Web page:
SC13: GPCR Structure-Based Drug Discovery
THURSDAY, SEPTEMBER 27, 7:00 - 9:30 PM
Room: Gardner 

Recent breakthroughs in obtaining high-resolution structures of G Protein-Coupled Receptors (GPCRs) by both X-ray crystallography and Cryo-EM technology, are rapidly impacting the pharmaceutical industry. In this short-course, Dr. Wu will review how GPCR structures elucidated to date have informed our current understanding of GPCR function. She will also provide examples of how GPCR structural information is being applied to guide rational approaches for GPCR drug discovery. Dr. Eddy will review how this structural information is complemented by various biophysical techniques that provide information on GPCR dynamics and function. He will discuss new biophysical approaches and share recent examples that illustrate applications for drug discovery.

Topics to be covered:


  • Methodologies for the characterization and crystallization of GPCRs
  • Review of x-ray crystallographic and cryoEM GPCR structures and their lessons
  • Biophysical tools (NMR, fluorescence spectroscopy, EPR, SPR and computational approaches) for observing function-related conformational dynamics of GPCRs
  • Implications for drug discovery, especially regarding allosteric modulation by small molecules, ions, and engineered partner proteins

Instructors:

Matthew Eddy, Ph.D., Assistant Professor, Chemistry, University of Florida

Huixian Wu, Ph.D., Principal Scientist, Structural and Molecular Sciences, Discovery Sciences, Pfizer Inc. Groton

Eddy_MatthewMatthew Eddy, Ph.D., Assistant Professor, Chemistry, University of Florida

Dr. Matthew Eddy is a physical chemist who specializes in the investigation of the structure and conformational dynamics of membrane proteins, including G Protein-Coupled Receptors, using nuclear magnetic resonance (NMR). Dr. Eddy received his Ph.D. from the the laboratory of Professor Robert Griffin at the Massachusetts Institute of Technology. During his Ph.D., Eddy developed new methodologies for using NMR in the solid state to determine structures of membrane proteins in cellular-like environments. Following his PhD, Dr. Eddy joined the laboratories of Professors Raymond Stevens and Kurt Wüthrich at The Scripps Research Institute and University of Southern California as an American Cancer Society Postdoctoral Fellow, applying an integrative structural biology approach to study human G protein-coupled receptors (GPCRs) and focusing on applications of NMR to understand GPCR allosteric functions. Dr. Eddy has authored or coauthored over 25 peer-reviewed publications in high-profile scientific journals including Cell, JACS, and Structure.  Dr. Eddy recently started his own laboratory at the University of Florida, developing new approaches to investigate GPCR structure-function relationships directly in cellular environments.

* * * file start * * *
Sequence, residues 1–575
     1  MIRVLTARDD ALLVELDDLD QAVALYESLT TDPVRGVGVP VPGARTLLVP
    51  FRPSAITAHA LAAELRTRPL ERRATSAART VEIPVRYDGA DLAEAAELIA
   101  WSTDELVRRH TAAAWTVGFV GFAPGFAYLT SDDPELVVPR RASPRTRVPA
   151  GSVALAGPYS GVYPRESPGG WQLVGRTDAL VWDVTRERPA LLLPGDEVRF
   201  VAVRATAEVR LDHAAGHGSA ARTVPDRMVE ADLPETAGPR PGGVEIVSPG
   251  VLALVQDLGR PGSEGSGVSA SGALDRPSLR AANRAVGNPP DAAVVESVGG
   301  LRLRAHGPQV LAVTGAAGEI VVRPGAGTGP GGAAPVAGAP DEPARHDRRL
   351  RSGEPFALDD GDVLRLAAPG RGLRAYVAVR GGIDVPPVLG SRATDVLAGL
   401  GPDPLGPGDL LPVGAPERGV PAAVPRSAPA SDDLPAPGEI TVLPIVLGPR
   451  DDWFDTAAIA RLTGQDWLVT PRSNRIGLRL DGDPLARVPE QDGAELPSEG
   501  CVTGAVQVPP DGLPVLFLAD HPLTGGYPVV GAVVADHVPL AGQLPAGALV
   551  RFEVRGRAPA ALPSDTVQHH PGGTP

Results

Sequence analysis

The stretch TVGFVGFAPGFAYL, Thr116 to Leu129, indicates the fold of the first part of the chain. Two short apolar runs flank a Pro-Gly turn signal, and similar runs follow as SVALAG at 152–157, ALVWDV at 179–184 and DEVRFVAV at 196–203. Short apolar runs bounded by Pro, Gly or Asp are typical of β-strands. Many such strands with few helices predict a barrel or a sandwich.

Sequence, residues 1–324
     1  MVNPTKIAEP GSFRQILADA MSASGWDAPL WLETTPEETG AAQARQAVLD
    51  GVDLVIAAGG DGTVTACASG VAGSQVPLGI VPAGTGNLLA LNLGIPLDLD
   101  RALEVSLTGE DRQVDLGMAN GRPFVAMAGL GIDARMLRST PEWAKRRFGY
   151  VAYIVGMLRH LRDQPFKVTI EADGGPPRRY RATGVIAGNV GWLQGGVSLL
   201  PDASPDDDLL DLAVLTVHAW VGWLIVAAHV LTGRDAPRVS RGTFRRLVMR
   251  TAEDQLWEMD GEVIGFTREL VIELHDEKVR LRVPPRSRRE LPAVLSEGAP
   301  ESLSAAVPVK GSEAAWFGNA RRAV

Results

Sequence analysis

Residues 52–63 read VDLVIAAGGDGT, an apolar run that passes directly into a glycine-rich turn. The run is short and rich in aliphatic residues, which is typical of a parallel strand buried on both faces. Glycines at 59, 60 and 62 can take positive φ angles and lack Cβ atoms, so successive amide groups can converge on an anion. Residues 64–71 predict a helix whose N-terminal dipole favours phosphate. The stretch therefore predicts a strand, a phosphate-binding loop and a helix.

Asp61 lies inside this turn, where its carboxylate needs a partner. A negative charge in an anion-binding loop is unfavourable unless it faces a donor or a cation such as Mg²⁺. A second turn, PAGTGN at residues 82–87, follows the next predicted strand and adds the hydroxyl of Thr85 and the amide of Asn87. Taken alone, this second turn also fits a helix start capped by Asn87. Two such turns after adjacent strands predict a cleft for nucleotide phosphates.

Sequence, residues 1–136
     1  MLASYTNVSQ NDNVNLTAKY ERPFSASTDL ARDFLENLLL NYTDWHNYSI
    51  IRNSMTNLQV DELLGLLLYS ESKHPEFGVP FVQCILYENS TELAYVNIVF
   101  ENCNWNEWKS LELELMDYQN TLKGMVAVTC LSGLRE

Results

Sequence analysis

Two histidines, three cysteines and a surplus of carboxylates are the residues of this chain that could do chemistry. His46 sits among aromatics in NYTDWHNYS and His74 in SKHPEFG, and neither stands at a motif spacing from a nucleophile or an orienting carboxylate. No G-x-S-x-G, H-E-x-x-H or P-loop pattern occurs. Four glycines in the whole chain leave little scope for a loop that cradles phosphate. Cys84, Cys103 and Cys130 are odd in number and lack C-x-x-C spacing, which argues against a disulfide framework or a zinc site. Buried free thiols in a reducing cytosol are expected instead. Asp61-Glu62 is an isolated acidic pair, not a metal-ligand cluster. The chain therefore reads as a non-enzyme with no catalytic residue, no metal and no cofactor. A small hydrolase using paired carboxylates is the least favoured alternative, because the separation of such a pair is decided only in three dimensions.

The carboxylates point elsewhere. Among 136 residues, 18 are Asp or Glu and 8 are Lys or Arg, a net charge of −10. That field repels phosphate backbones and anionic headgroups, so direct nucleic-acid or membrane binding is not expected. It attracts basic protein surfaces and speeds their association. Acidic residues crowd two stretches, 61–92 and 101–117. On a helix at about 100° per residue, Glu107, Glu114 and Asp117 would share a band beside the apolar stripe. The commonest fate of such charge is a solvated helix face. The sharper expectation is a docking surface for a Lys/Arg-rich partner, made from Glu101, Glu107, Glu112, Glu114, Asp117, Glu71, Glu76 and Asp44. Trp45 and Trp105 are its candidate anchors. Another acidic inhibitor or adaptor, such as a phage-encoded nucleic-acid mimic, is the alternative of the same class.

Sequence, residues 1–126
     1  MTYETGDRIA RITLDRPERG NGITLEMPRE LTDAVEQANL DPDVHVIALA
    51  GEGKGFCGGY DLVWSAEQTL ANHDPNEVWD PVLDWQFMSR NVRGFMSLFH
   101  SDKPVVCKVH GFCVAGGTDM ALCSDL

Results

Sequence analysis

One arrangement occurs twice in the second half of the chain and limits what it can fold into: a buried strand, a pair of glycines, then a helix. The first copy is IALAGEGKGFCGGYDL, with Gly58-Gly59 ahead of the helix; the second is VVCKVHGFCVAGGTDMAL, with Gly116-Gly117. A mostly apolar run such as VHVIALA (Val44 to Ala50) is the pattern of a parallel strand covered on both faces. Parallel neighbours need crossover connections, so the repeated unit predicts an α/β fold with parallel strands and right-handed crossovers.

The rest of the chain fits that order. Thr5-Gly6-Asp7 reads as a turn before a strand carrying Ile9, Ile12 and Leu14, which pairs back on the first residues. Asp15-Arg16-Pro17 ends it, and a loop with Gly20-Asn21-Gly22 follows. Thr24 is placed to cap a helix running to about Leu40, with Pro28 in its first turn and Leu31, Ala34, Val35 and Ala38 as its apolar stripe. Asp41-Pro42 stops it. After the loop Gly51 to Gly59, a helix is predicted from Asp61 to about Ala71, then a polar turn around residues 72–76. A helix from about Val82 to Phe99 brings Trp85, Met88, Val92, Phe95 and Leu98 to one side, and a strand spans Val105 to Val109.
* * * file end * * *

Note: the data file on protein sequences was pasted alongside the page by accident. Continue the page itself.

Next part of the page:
Wu_HuixianHuixian Wu, Ph.D., Crystallography Lab Head, Principal Scientist, Structural and Molecular Sciences, Discovery Sciences, Pfizer Inc.

Dr. Huixian Wu received her Ph.D in Structural Biology and Chemistry from the Scripps Research Institute (La Jolla, CA) in the laboratory of Prof. Raymond C. Stevens. While in Stevens lab, Dr. Wu focused on G protein-coupled receptor (GPCR) crystallography where she determined the crystal structures of several important human GPCRs, including the k-opioid receptor, metabotropic glutamate receptor, and smoothened receptor. After completing her Ph.D, Dr. Wu joined Prof. Stuart L. Schreiber’s laboratory in the Broad Institute of Harvard and MIT (Cambridge, MA) for postdoctoral research, working on structure-based drug development (SBDD) targeting inflammatory bowel diseases. Currently, Dr. Wu is a Principal Scientist leading a Crystallography lab at Pfizer (Groton, CT). Her lab is supporting SBDD of diverse therapeutic targets across multiple disease areas in Pfizer.

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